Doom for MS-DOS

Today while checking out eets on steam ( yeah I know… ) I came across this sale… It’s Doom, Doom II, and Doom III all together, with all the expansion sets for $8.74 USD!

Well needless to say I couldn’t resist the offer, so I bought it. While playing around with Doom, I was wondering what was the first port of the Linux X11 doom back to MS-DOS. A bit of googling brought me to the doom wiki, and from there it seems that “DOSDoom” version is the first source port returning DOOM back to MS-DOS.

As mentioned in Chi Hoang’s notes, it took him 4-5 hours to do the initial port. So I figured it’d be worth re-creating the 0.1 version of his work, under DOSBOX with DJGPP.

I did find out the hard way that there is a single assembly clause that breaks under newer versions of DJGPP, and there is a small issue with the HOME environment variable that if it’s not set it’ll crash DOOM. So I ‘fixed’ that to use the current directory.

To install this legacy version of DJGPP, I found the needed files..


Simply unzip all of this into a directory that your DOSBox mounts, and alter your dosbox.conf something like this:

# Lines in this section will be run at startup.

mount c c:\dos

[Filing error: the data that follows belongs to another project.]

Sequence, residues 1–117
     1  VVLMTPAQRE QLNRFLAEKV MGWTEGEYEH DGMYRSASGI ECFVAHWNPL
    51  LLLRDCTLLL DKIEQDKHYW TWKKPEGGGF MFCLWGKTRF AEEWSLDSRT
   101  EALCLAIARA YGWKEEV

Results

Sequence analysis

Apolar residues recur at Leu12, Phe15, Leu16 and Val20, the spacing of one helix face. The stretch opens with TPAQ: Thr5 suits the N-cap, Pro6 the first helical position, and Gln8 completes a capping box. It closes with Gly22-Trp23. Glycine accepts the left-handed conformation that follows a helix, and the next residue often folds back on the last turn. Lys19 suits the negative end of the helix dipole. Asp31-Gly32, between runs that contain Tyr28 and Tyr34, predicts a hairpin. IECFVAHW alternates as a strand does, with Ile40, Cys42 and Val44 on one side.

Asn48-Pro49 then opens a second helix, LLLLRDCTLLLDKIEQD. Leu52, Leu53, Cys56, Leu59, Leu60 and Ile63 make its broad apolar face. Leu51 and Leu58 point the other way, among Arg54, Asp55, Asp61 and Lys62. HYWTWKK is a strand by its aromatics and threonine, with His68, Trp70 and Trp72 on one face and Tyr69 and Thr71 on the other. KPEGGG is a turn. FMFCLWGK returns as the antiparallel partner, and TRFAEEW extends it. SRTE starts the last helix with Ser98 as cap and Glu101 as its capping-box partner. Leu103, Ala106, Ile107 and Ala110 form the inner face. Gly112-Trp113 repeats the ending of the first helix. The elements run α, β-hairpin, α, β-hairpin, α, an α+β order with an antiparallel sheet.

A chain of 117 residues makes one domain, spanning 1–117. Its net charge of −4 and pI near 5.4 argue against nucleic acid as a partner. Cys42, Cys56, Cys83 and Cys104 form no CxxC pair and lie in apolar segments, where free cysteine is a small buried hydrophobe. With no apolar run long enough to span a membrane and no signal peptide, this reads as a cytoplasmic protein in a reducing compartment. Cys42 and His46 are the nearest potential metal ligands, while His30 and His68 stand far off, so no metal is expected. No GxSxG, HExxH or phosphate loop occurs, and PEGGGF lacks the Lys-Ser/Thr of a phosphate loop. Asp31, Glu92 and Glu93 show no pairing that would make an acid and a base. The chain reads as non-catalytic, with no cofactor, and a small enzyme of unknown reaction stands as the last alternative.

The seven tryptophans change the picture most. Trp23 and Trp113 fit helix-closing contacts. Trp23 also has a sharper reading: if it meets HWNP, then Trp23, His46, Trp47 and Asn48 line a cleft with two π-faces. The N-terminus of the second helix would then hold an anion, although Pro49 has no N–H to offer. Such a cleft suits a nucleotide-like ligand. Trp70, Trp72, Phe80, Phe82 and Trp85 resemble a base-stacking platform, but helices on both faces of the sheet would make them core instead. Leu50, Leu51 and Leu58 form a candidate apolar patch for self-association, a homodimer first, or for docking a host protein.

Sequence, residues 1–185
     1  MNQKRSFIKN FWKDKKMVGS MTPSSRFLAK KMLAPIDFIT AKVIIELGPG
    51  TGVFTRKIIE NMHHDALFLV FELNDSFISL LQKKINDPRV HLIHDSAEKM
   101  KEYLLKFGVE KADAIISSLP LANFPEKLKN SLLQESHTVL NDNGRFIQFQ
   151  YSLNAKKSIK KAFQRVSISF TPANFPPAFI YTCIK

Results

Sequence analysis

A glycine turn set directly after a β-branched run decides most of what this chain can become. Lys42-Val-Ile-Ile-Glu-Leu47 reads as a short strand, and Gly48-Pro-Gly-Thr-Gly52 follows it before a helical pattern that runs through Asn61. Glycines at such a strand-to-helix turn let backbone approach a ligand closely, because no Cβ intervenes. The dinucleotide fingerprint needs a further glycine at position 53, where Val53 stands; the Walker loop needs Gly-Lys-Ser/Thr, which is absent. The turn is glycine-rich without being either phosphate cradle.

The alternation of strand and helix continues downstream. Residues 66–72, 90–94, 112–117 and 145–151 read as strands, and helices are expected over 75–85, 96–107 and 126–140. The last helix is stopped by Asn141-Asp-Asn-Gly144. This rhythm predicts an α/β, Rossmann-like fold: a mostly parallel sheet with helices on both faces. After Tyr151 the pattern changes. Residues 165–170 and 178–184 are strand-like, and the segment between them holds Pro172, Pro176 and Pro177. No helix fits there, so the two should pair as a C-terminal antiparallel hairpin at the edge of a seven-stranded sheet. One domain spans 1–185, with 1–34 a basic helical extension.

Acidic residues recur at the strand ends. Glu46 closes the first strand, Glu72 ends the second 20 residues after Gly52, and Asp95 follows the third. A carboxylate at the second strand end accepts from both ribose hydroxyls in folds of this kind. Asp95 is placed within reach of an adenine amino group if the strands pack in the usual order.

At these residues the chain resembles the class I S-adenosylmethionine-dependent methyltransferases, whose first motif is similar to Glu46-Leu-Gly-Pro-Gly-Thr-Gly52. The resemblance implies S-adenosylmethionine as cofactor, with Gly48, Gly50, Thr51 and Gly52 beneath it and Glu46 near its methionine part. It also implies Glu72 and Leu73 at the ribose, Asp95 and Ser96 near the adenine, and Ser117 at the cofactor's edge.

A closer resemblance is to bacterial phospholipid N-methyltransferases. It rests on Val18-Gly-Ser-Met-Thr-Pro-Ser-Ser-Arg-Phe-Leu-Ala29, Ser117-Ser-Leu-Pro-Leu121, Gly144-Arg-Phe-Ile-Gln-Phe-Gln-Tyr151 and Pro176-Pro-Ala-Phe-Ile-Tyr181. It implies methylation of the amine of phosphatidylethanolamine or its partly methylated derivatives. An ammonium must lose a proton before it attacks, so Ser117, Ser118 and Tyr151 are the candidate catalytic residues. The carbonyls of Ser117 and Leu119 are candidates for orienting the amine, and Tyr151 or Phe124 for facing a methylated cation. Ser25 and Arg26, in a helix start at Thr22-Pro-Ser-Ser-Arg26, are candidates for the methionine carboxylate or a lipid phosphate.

Then you should be able to extract the doom source that I’ve patched up, and run make to re-build the exe. I’ve included a shareware wad file that won’t explode on missing demos…

So the end result is the following:

DOSDoom 0.1

DOSDoom 0.1

Which… has no networking support, no audio, but it does work! This port is overall minimally invasive to the code, and I’d suspect it’d make it a very easy starting point for yet even more ports of doom… I think there is over 40 out there.

That’s the one great thing about making the source available, is that the product lives on and on!

This entry was posted in djgpp, doom, DOSBox, games, gcc, MS-DOS by neozeed. Bookmark the permalink.

About neozeed

What is there to tell? I've loved UNIX like things since I was first exposed to QNX in highschool (we had the Unisys ICONS!), and spent the better time of my teenage years trying to get my own UNIX... I should have bought Coherent in retrospect.. Anyways latched onto Linux in 1992, and then got some old BSD admin books and have been hooked on the VAX BSD & other big/ancient things since...!

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